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The good luck gift turned into one of the most famous pieces of modern royal jewellery

The Royal Family has many notable pieces of jewellery in its collection and rubies feature heavily.

Considered one of the traditional cardinal gems along with amethyst, sapphire, emerald, and diamond, the ruby is known as the birthstone for July. The word “ruby” itself comes from ruber, the Latin word for red.

Among the most famous pieces in the Windsor vaults are two tiaras with very different histories. One is a moment of modernity, the other is an heirloom piece that one queen liked so much she decided not to pass it on when the time came for her to hand it over.

Queen Victoria’s Ruby Tiara

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Prince Albert is responsible for a delicate tiara studded with diamonds and set with rubies that is always passed to the current queen. It’s been known as the Oriental Tiara, because of its design, and it was created around 1853 as a gift for Albert’s beloved Victoria. He was inspired by displays he had seen at one of his main achievements, the Great Exhibition of 1851.

The tiara is made of diamonds studded into arches inspired by the east but the really eye catching part of the design are the rubies at the centre of sparkling lotus flowers. These were originally opals, a favourite jewel of Albert’s, but were replaced as time went on.

The tiara is meant to be passed from queen to queen. However, Elizabeth II was only seen in it once. Queen Elizabeth, The Queen Mother was so taken with the tiara that she continued to look after it following her husband’s death and her daughter’s accession. Following Queen Elizabeth II’s death, it now passes into the use of Queen Camilla who has shown a preference for tiaras beloved of the Queen Mother before and may yet give this long hidden gem another outing.

Burmese Ruby Tiara

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Made by Garrad and Co., Queen Elizabeth II ordered the Burmese Ruby Tiara in 1973. It is designed in the form of a wreath of roses with silver and diamonds making up the petals while clusters of gold and rubies form the centre of the flowers.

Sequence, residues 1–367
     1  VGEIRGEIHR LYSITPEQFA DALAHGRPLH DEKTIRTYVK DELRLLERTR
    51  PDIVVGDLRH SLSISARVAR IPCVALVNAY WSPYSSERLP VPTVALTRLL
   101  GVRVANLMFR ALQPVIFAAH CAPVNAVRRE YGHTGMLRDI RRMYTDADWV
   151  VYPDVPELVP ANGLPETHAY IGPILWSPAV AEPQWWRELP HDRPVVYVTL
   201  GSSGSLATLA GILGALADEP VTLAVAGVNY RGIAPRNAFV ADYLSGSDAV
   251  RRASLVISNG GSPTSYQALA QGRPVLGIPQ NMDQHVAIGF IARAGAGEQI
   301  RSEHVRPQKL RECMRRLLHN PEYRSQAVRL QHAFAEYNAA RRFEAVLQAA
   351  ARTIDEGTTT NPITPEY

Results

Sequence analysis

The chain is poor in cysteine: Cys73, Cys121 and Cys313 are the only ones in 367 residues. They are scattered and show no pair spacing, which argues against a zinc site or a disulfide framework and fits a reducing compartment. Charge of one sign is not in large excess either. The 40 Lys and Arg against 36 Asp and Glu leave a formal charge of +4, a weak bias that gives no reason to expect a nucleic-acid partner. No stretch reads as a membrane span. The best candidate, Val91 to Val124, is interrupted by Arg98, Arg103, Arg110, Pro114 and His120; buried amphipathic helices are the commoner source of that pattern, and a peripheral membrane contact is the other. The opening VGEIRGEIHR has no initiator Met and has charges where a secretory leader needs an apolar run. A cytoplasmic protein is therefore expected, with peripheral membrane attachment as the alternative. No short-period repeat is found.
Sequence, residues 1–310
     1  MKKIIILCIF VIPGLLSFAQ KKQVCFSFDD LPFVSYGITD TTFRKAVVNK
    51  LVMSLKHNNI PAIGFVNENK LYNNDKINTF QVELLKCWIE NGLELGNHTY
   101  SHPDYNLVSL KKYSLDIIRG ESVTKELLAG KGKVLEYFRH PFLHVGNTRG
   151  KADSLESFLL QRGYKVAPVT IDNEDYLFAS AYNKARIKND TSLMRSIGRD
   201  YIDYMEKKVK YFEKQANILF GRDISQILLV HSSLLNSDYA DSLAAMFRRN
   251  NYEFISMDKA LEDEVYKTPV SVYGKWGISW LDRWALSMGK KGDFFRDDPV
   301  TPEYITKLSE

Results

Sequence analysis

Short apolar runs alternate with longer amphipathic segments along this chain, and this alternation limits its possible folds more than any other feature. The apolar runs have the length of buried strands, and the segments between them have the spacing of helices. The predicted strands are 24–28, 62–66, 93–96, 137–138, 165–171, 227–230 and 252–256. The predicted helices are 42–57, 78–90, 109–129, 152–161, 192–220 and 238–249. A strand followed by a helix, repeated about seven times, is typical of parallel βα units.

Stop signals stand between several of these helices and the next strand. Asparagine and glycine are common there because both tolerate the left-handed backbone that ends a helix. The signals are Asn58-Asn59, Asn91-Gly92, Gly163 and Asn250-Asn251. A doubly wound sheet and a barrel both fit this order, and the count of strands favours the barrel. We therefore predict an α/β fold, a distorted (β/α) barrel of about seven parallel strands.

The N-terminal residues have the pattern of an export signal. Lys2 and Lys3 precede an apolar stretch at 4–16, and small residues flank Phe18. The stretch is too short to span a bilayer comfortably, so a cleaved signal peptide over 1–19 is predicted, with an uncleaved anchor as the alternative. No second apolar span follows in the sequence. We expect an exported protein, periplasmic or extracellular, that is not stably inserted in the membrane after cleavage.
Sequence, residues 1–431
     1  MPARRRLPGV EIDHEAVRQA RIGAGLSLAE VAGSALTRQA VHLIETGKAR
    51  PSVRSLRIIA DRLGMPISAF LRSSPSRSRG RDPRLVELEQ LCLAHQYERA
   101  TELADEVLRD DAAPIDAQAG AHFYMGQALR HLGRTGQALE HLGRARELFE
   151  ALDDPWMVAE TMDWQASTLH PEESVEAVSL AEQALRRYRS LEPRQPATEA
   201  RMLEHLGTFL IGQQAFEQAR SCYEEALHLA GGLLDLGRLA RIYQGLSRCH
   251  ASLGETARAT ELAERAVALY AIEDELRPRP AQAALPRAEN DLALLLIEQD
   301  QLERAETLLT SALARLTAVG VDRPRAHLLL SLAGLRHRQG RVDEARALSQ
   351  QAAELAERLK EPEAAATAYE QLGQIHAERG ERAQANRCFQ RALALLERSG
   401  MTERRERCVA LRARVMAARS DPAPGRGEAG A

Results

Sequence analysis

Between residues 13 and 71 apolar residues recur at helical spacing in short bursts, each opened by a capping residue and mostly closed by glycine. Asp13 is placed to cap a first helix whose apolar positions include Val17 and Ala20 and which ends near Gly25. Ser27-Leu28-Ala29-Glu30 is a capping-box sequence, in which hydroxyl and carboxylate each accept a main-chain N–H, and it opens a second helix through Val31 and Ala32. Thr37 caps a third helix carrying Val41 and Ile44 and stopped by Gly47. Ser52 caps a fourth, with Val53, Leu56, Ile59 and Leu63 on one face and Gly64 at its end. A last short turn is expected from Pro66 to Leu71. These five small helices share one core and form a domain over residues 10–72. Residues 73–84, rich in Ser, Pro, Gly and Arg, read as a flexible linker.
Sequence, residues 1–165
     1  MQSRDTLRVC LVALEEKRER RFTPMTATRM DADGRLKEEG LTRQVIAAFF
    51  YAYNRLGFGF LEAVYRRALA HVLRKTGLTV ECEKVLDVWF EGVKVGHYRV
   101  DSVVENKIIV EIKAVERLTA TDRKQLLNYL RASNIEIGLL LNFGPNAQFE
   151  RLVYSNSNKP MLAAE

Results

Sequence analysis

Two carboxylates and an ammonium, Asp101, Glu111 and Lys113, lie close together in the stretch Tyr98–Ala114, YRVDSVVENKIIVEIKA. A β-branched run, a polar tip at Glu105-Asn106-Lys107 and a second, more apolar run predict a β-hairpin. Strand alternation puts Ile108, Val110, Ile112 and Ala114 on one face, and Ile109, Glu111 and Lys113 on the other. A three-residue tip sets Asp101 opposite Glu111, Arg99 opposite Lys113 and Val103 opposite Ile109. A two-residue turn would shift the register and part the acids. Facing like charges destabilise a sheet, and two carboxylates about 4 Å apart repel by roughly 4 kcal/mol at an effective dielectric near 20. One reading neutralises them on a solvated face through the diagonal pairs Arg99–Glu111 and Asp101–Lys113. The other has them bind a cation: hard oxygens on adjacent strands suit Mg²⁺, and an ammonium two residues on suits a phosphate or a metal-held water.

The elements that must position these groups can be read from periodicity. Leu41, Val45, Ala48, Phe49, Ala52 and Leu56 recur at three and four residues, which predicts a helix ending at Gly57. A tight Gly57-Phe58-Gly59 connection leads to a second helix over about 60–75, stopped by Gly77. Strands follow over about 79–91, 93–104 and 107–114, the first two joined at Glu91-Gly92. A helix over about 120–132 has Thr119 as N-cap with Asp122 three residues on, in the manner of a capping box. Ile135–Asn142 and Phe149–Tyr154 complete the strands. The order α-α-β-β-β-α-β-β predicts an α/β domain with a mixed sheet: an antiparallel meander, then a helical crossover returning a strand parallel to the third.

A total of 96 rubies are mounted on the tiara, with jewels coming from The Queen’s private collection. The rubies are originally from a necklace that was gifted as a wedding present in 1947 by the people of Burma (now Myanmar.) The rubies are credited as having the ability to protect its owner from sickness and evil.

As for the diamonds on the tiara, they are a wedding present from the Nizam of Hyderabad and Berar, who had a vast jewellery collection of his own.

The Baring Ruby Necklace

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Upon the death of King George VI the crown rubies were passed down to Queen Elizabeth II. Because they were a favourite of The Queen Mother, she kept them in her possession until her death in 2002. While it has not been confirmed, it’s thought that this is the reason Queen Elizabeth II bought her own rubies in the 1960s and 1970s.

In 1964, Elizabeth II acquired the Baring Ruby Necklace. Formerly, it belonged to the Baring collection. It’s believed that each of the three central pendants had been used as a pair of earrings and a pendant.

About author

My name is Sydney Zatz and I am a University of Iowa graduate. I graduated with a degree in journalism and sports studies, and a minor in sport and recreation management. A highlight of my college career was getting the chance to study abroad in London and experiencing royal history firsthand. I have a passion for royals, royal history, and journalism, which led me to want to write for Royal Central.